After physical therapy on Tuesday, Grace and the kids and I went away for 2 nights this week to a bed and breakfast about 1 hour from our house. I had booked an 1800s log cabin that had been preserved in its original state and filled with antique furniture. It was like staying in a museum. It felt like we were living in the 1800's with the exception of the bathrooms. Grace and I even felt some culture shock initially, the change in atmosphere in the house was so pervasive. Perhaps people were shorter back then because I hit my head quite a few times on the logs sticking out from the ceiling. Little Gracie even managed to hit her head on the slanted walls!
Merriam, the owner/innkeeper greeted us when we arrived. She is a 69 year old woman who has been running this bed and breakfast for over 20 years. She invited me into her living room to complete the registration while Grace took the kids to the log cottage to use the bathroom. As I was sitting there waiting for the credit card to process, Merriam asked me if I had surgery recently. I told her that this was my second surgery for cancer and described some of the treatments that I did recently. Merriam's face sunk. She let out a big sigh and didn't say anything for a minute. I didn't know what to say either, so I just sat quietly. Then she said, "It's just too bad. Somebody so young. It's just too bad."
I didn't really know what to say in response. Sometimes I try to cheer people up by telling them how it's not hopeless and I'm actually quite happy despite what's been going on and that I believe in a God who can work miracles. Usually I get really uncomfortable sitting silently in front of a stranger, but for some reason I felt comfortable leaving the conversation at that. There was a manner about Merriam that made me feel very comfortable and welcome in her home.
Before leaving to show us around the property Merriam said, "It was a little hard to understand you on the phone, but in person it's not a problem at all." For some reason those where really encouraging words to my ears. I felt thankful that she could understand me.
After we finished the tour of the property the kids played and ran around freely like they were at home. AJ was so excited about the chickens and horses and kept talking about them all the time. We really felt like we could get away even though it was just for 2 days. I felt sad that we missed prayer meeting on Tuesday night at our house and Wednesday night at church because I always love seeing people from church, but it was nice to just be alone as a family with no phone calls or doctors appointments to worry about. The kids loved being on a farm with animals and they even got to touch them and feed them.
Merriam proved to be the kindest and most hospitable hostess I'm ever met. I typically feel self-conscious around strangers about the fact that I can't eat and have to eat through a tube in my stomach. Even at church gatherings I'll feed myself in the car or try to hide so people don't have to see. But for some reason instead of feeding myself before I went to breakfast, I decided to bring it and feed myself in Merriam's 1700's dining room. I didn't feel self-conscious around Merriam. In fact, I almost felt loved by her even though we barely knew each other. As I was feeding myself, Merriam came over and said, "What is that you're having there." So I went on to explain how I couldn't eat and had to feed through a tube.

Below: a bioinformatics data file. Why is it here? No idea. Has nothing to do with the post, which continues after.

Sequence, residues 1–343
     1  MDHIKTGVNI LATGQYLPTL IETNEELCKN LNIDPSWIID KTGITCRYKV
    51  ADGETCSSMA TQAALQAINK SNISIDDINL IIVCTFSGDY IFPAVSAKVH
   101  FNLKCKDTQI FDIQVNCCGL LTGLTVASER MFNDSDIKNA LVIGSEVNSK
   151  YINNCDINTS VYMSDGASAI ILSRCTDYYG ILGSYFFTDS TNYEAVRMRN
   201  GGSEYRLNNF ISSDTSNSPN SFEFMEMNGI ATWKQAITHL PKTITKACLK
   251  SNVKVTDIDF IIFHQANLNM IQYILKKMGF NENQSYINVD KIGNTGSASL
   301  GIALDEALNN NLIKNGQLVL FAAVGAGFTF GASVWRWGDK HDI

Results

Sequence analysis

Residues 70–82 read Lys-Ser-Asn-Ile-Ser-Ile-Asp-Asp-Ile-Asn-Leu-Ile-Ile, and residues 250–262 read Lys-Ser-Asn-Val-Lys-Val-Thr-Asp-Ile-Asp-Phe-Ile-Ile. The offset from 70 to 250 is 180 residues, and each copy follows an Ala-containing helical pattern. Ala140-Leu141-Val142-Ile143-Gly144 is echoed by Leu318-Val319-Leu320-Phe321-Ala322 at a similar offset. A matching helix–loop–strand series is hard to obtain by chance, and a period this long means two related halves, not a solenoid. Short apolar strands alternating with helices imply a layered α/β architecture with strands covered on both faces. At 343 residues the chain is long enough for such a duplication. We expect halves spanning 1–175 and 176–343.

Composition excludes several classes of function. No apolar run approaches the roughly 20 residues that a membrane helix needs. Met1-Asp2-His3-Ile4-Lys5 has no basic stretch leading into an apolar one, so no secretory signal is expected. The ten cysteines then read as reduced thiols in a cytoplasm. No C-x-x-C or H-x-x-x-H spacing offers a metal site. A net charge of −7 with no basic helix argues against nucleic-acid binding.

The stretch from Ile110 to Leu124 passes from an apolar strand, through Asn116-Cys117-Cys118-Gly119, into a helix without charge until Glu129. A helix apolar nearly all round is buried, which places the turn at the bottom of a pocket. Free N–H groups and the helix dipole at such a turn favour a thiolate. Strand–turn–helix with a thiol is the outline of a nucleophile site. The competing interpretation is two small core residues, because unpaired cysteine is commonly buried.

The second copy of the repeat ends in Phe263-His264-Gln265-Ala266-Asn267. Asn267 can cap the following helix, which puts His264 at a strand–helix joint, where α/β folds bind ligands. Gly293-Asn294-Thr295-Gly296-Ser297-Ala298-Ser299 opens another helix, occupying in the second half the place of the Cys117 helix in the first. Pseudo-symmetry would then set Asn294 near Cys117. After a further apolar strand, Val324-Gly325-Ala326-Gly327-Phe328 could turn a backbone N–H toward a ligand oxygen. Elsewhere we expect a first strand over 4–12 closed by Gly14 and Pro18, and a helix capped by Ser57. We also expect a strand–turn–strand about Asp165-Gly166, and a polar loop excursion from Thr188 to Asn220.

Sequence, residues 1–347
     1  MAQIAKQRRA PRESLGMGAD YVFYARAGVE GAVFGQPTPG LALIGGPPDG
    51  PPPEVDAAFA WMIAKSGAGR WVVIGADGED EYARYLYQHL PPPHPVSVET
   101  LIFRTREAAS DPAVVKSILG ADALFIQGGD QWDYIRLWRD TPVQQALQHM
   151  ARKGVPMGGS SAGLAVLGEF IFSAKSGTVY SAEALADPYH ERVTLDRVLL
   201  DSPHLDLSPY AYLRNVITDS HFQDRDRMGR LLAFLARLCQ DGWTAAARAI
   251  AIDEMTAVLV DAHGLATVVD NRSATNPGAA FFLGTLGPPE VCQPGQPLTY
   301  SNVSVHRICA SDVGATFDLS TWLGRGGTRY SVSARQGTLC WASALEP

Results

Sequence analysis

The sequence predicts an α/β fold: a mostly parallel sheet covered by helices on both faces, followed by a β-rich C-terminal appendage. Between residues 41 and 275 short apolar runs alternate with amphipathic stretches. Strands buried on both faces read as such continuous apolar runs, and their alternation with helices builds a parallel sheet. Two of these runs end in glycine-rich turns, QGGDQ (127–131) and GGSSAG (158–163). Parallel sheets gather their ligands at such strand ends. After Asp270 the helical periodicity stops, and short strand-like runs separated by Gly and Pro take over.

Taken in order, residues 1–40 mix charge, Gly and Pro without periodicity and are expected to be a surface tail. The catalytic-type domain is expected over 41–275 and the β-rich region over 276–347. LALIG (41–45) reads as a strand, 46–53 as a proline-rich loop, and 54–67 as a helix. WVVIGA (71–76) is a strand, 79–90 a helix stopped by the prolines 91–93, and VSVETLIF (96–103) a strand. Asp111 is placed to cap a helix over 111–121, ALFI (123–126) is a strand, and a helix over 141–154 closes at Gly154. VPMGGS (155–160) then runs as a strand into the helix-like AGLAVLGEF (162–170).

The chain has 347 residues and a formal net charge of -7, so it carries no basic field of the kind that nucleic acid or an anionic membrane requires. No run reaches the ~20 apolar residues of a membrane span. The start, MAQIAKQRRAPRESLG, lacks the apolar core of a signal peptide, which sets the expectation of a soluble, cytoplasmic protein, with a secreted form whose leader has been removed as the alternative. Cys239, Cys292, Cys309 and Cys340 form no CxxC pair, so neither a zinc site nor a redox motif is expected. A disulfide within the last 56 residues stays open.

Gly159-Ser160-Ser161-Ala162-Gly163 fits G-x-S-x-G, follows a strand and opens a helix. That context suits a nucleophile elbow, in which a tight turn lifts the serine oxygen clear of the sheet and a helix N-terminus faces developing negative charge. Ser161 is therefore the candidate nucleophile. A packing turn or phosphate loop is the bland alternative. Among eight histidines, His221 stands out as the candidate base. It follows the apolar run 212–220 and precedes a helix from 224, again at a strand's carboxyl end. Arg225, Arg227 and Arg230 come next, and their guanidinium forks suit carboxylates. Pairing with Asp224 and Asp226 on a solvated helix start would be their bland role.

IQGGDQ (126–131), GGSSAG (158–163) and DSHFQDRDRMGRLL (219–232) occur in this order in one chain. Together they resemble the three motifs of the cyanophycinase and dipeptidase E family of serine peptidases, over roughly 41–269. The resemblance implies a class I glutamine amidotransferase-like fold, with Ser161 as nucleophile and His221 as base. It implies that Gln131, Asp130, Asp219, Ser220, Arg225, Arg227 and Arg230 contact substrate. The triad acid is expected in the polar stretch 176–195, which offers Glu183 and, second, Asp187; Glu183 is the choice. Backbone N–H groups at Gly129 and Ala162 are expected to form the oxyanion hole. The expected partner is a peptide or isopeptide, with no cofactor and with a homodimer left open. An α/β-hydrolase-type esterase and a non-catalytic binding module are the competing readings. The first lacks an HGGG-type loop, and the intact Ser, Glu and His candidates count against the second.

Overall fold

In response her face sunk again just like the first day when first I told her about my cancer. While she served some delicious looking banana bread, eggs, bacon and hash browns to Grace and the kids, she told me about people that she knew that had cancer and had digestive disabilities. Then she told me how she herself had to relearn how to eat because a surgeon who removed her tonsils when she was five damaged the epiglottis so she had trouble protecting her airway. That is basically one of the problems I have with swallowing as well. After that Merriam told us about how she broke her neck in a car accident and should have been paralyzed, but miraculously is not, yet can't turn her head left and right and how her husband left her after 28 years and she had to open this bed and breakfast in her home to make money just to survive. Then she told us about her daughter's husband leaving her and how tough her life was. I remember thinking to myself that she really has had a tough life but she's not bitter about it. She's just so happy all the time you wouldn't know it.
As we talked more we mentioned our church, Redeemer Bible Church, in Minnetonka. Merriam said, "Oh, thats nice. I'm familiar with bible churches because I used to go to Maranatha Bible church when I lived in Bloomington. Where in Minnetonka is you church?"
"On Highway 7", we answered. After Merriam mentioned Maranatha Bible Church some lights started turning on for Grace and I.
It turns out that Merriam used to go to our church 30 years ago when it was still in Glen Lake and was called Maranatha Bible Church. Since then it moved to Minnetonka and changed names to Woodland Hills and then to Redeemer. She knows many of our friends like Betty C. and Audrey F. who helped start the church and two of the pastors, Don G. and Doug S. In fact, she went to high school with Betty. Small world, huh?
After talking about the church and expository preaching and other things, our time at the bed and breakfast came to a close. After looking back on our experience I just felt like Merriam ministered to us in a special way and with few words. She made complete strangers and their toddler children feel welcomed and loved. She had her own burdens but always had a warm smile and caring personality all day long. She knew what pain and discomfort was like, and always spoke to us with compassion and love. Grace and I wanted a short vacation getaway, but the Lord was so gracious to give us a loving friend along with it.